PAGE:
We arrived in Camoorweal (the closest town) yesterday,  one day earlier than arranged,  and contacted the station via email to set up a time for our interview today. Then we set about unhitching the Travelhome. The second leg failed! Result is we can’t risk unhitching from the car until the legs are operational again. It’s almost a 3 Tonne vehicle and to have it supported fully by car jacks, well the mind plays havoc with the disaster that could eventuate. So, we were faced with having to turn up down the dirt station road for our interview with the full rig. Not ideal, but we figured it wouldn’t be too much of a drama.

We went out for a nice dinner at the Camoorweal pub, the one highlight of the past week. On our return we opened our email, and the station managers had saved us the bother of taking the rig out, they had hired someone else that morning, almost two days before we were due to arrive. Needless to say, we weren’t  impressed.

So, what to do? We’ve been making enquiries, and getting replacement parts for the Travelhome is proving difficult, although I think Paul has now tracked them down. Dilemma is, Travelhome has stopped using these legs as they were less than ideal. Replacing them with the same seems foolhardy, given the amount of use they’ve had and failed, (less than 12 months use in total).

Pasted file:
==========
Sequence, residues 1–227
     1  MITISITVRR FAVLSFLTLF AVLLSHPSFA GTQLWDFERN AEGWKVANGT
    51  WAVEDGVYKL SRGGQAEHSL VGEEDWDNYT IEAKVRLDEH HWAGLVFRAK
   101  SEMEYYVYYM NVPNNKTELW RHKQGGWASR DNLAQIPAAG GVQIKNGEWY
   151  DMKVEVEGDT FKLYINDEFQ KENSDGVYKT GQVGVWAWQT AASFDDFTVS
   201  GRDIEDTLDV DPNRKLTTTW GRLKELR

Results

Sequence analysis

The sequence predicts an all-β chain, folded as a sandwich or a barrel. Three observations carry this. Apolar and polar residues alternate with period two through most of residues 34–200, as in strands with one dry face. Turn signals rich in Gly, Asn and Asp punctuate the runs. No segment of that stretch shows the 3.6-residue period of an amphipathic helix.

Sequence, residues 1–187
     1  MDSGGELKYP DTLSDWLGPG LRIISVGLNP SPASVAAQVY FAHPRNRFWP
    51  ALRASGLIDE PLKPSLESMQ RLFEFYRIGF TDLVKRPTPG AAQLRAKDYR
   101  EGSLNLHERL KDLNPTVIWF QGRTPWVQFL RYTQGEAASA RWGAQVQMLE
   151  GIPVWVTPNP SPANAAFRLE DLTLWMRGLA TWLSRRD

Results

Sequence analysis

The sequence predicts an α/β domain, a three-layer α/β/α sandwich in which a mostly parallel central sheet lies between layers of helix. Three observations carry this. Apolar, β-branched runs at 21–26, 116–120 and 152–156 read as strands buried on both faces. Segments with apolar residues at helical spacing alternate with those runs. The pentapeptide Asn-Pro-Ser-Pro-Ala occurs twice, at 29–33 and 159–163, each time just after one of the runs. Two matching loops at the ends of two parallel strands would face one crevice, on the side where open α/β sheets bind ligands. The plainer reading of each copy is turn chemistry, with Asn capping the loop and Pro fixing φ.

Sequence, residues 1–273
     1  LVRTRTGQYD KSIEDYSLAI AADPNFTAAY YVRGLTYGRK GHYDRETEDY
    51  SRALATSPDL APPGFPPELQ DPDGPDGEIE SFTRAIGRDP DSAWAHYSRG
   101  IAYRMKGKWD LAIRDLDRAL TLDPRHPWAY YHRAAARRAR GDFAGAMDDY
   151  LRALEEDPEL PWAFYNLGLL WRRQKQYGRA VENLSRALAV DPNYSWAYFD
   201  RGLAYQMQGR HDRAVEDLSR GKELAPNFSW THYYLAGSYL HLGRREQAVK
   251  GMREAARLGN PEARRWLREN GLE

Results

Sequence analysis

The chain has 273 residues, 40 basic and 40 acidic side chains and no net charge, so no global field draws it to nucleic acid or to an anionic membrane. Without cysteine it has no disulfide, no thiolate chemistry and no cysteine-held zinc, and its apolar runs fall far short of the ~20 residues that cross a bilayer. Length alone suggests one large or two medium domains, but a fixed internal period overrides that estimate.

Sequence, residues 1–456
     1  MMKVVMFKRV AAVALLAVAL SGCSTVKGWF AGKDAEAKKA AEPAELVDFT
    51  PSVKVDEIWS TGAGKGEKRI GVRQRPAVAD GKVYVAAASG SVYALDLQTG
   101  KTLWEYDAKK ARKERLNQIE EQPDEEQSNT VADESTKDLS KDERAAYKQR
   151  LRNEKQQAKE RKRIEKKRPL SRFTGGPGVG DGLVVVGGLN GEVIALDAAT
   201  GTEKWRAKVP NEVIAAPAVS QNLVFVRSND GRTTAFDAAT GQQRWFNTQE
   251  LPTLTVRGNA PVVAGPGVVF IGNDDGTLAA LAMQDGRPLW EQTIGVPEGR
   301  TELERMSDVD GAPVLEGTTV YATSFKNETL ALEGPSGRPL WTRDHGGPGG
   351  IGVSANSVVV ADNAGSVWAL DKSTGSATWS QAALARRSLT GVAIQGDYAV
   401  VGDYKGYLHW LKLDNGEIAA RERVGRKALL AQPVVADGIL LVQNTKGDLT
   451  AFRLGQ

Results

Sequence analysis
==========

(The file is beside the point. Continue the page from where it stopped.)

There’s a lot to be said for having a Jayco (or Junko as Kelv calls them) Being common on the roads, I doubt repairs cause the grief our current needed repairs are causing. But then again, we’ve just met a couple who lost their caravan in unexpected cross winds that flipped their rig over. That’s a lot less likely to happen with a fifth wheeler. Fifth wheelers feel a lot safer to have behind you, so we get back to same with whatever you have – every rig involves some sort of compromise. For us, the fifth wheeler is still the best compromise of all, simply because of that added element of safety.